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September 6th, 2010, 01:50 PM   #1
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I've been reading in spanish sports pages "AS," Alex Debon saying that the Moto GP race should have been canceled out of respect for Tomizawa. He comes on very strong in his criticism of race direction.

"siempre anteponen el espectáculo y otros intereses que la vida de una persona. Es triste, pero es así"

"they always place the show and other interest ahead of human life. It is sad, but that is how it is." Are the words quoted.

I find it a bit harsh. It is very possible that the official announcement was held until the GP race was underway. But I also find it a bit hypocritical that Debon said nothing last week when he was racing hours after Lenz died.
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September 6th, 2010, 02:10 PM   #2
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Originally Posted by baturro View Post
I also find it a bit hypocritical that Debon said nothing last week when he was racing hours after Lenz died.
Just 'cause he did his job last week doesn't mean he was happy about it AND having such a tragedy two weeks in a row may have made him speak out whilst last week he held his tongue... I have no idea of his motivation but I highly doubt it was hypocritical.
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September 6th, 2010, 02:35 PM   #3
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The race should not have been canceled.

When racing tragedies like these occur, it gives me pause to consider how quickly this sport can take a life or cause serious injury. But we all take risks in our lives, and racers make that choice every time they put their helmets on and get out there. Whether its for personal glory, the challenge of competition, or pure thrill seeking, each man's exact reason is his own. To cancel a race over arbitrary sensibilities and deny others the opportunity to make their choice to race is an indictment of the gravity of the choice itself.

Unless the accident itself highlighted some ongoing danger or potential equipment malfunction (i.e. the race tires can't handle the speed and conditions, or there is some uncorrectable feature of the track which is likely to cause future crashes), there is no reason to cancel an upcoming race.
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September 6th, 2010, 04:47 PM   #4
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It's a noble sentiment, but wouldn't have benefited Tomi or his family. Tens of thousands of people would have sued

Dorna, not to mention all the companies that were contracted to broadcast the race. I'm extremely hesitant to speculate

what Tomizawa might have liked - but doubt very much he'd wanted the races canceled. All racers want what's best for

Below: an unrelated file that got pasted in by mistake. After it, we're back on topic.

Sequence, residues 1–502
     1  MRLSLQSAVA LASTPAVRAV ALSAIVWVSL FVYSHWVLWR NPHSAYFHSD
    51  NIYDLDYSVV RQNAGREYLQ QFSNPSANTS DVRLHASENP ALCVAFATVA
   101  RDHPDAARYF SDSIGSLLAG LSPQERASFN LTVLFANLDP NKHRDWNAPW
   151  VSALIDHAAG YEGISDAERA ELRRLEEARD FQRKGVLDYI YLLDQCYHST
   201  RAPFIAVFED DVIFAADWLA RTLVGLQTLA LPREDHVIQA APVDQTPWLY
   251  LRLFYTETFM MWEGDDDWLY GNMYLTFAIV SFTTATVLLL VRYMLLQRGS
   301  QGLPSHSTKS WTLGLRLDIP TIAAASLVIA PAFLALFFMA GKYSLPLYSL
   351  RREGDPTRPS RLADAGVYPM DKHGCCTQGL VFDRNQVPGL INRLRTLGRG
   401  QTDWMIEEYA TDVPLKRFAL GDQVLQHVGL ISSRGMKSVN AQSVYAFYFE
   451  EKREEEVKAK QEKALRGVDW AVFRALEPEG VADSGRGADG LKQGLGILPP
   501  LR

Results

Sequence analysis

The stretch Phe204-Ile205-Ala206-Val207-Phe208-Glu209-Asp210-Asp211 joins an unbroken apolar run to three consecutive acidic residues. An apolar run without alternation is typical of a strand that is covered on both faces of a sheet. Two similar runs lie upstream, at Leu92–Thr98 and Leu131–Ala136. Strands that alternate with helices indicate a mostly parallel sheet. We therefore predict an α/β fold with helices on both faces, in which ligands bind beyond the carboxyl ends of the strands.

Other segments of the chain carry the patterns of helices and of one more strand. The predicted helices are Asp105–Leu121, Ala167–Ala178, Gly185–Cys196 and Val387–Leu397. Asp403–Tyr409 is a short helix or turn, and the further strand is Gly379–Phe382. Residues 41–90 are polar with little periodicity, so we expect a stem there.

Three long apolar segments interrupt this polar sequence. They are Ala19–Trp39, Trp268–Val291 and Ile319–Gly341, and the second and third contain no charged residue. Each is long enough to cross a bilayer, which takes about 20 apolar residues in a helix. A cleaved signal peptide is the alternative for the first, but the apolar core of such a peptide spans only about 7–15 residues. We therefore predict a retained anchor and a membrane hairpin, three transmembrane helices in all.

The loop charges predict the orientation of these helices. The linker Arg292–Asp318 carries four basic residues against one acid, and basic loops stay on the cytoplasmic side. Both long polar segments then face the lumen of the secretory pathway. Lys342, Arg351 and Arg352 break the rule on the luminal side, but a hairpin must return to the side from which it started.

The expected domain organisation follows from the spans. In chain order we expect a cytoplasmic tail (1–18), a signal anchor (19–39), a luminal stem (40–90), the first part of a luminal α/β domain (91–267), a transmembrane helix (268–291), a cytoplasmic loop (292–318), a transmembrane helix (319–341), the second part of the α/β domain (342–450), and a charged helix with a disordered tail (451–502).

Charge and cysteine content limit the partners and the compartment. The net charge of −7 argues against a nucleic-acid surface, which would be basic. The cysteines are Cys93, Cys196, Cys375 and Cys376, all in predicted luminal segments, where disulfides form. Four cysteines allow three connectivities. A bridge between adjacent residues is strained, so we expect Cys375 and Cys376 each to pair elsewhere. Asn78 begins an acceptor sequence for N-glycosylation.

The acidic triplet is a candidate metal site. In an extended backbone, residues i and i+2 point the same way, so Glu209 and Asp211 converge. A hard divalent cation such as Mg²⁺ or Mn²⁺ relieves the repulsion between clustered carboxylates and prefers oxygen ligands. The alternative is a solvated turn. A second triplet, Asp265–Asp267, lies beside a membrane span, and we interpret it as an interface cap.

their fellow racers.
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September 6th, 2010, 04:53 PM   #5
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No cancellation. The family must be notified first no matter what. By canceling the race, the FIM are making an official announcement. This is the kind of symbolic display that is impractical and does no good for Tomizawa, his family, his fans, or the sport of MotoGP. Debon would be better suited to advise FIFA how to run the world cup.
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September 6th, 2010, 04:59 PM   #6
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September 6th, 2010, 05:09 PM   #7
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September 6th, 2010, 05:50 PM   #8
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Definitely not!!!
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September 6th, 2010, 05:56 PM   #9
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No... i don't know if they already knew about Tomi being dead in the start of the GP, the commentator in my local cast, was informing through out the race that Tomizawa was in critical stage... and then that he passed away... is sad we lost him but i don't think it should have been cancelled... same as what happened in Indy when we have another tragical result in 125 cc
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September 6th, 2010, 06:59 PM   #10
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Originally Posted by mylexicon View Post
No cancellation. The family must be notified first no matter what. By canceling the race, the FIM are making an official announcement.

Very excellent point. Ibelieve only during the MGP race could they confirm Tomizawas death. They would have been in constant contact with Tomi's relatives throughout his ordeal and only when they had given up on any chance of him living would they have been able to call him dead.

Aweful situation but I believe the Dorna officials acted with extreme care. Both for public reasons as well as the fact that one of their workmates/employees had just died. Espelata was the first to talk to all three MGP podium guys after they appeared at Parc Ferme. This is somewhat a public move but also very thoughtful, as it ensures no rider is put in the situation of inadvertently saying the "wrong thing", hurting them and any relatives of Tomizawa.
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